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Private Water, Is It Worth It?

Updated: Mar 19, 2023

In the last couple of years the fly fishing business has exploded. In a time of isolation and quarantine, fly fishing offers an outdoor, socially distanced option to enjoy an activity and spend time with others. The Department of Wildlife Resources does a fantastic job of providing many fly fishing opportunities throughout Virginia. Trout season is open all year, unlike some other states. Warm water fisheries abound as well, and options to get out on public areas seem readily available. However, fishing on private streams offers a unique and potentially custom opportunity for individuals, families, and groups to share in an experience. With the price tag attached and places to fish everywhere, is it really worth the cost?

If you live anywhere in the mountains of Virginia you are likely within a half hour's drive to a stocked trout stream or small lake. You can often fish several streams in a day if you like, or catch a variety of species like wild trout, smallmouth, and sunfish within the same general area. Virginia stocks October through June and the program is very active with keeping certain streams full of trout. The downside for some is that most of these streams that get stocked often are usually easy access and roadside. Noise and more pollution are along the banks and solitude is usually at a minimum while you share holes with guys with corn and power bait. Poaching is a problem as well.

Private waters can be a whole other game however. I'm using private water here as any location that charges you to fish for trout that they stock and/or grow on site. Fee ponds dot the area. These are places where you have to keep every fish that you catch and usually pay by the pound. The positive is that these offer a 100% chance of catching a fish and a great way to get kids enthusiastic. If you are expecting an afternoon of fun, understand that you'll catch a fish on almost every cast so bring your wallet if you plan to stay awhile. The next are places like campgrounds or private land owners. You will likely pay a "rod fee" for the privilege of fishing there, and who knows when they stock or what. It might just be a muddy pond with catfish and sunfish like a place I would go to back in WV when I was a kid. $10 to get in for the day and they'd sell worms and minnows and the like. Lastly are dedicated trout waters or lodges set up for fly fishers. These are streams that can support trout life usually year round and are stocked with larger trout. Rod fees are likely high, and can be upwards of over $100, but a fishery that isn't over fished and practices catch and release can provide for a real "trophy trout" experience in a remote setting.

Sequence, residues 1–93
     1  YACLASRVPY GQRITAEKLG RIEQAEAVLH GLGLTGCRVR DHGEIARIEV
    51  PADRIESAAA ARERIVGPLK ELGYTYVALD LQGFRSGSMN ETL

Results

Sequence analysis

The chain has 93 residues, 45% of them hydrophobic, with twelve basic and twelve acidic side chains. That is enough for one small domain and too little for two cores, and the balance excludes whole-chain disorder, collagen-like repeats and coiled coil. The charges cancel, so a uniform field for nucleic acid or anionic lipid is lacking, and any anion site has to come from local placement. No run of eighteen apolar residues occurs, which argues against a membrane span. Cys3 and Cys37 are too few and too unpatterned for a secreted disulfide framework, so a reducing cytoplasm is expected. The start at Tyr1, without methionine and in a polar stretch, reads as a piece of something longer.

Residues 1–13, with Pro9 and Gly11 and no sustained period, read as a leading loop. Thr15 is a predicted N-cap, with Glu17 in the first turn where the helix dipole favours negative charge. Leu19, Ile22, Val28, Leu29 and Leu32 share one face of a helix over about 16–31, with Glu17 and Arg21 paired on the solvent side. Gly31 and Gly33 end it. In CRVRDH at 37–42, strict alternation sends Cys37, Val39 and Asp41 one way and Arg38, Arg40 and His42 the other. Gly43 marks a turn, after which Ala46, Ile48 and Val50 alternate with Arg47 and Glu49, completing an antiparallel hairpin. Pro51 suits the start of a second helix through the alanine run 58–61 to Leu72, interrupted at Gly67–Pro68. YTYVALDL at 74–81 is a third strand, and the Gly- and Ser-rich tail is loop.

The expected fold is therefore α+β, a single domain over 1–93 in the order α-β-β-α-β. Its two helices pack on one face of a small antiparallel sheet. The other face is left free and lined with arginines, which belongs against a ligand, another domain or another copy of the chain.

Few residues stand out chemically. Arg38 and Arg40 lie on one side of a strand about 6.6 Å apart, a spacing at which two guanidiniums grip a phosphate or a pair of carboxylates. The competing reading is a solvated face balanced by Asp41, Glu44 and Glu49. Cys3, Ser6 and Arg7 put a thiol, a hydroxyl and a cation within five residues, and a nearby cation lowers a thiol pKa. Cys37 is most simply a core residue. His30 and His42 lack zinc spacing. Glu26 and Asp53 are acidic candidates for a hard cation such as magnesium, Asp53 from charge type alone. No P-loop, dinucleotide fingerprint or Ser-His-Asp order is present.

I've been fortunate to fly fish a lot of public water and guide on both public and private. To me I think it is all about what you want to do with your time and trip. Public water can be found all over, and with some effort and a little driving, you can find a few streams less visited and less poached by anglers. I always tell everyone if you can walk the trail 30 minutes before fishing you will likely pass 75% of the anglers on the stream. I have found through my career that private streams offer a much more intimate experience if you want to have a guided trip. While it is still fishing and not guaranteed, the opportunity to catch nice trout and spend the day away from the crowds is why a lot of us get into this for the first place. It also makes for a much more custom experience that allows catered meals or family events possible, or just some time on the water making it count.

If you are interested in a guided trip, whether on public or private water, book a trip today and we can discuss options to suit how you'd like to spend your time on the water.


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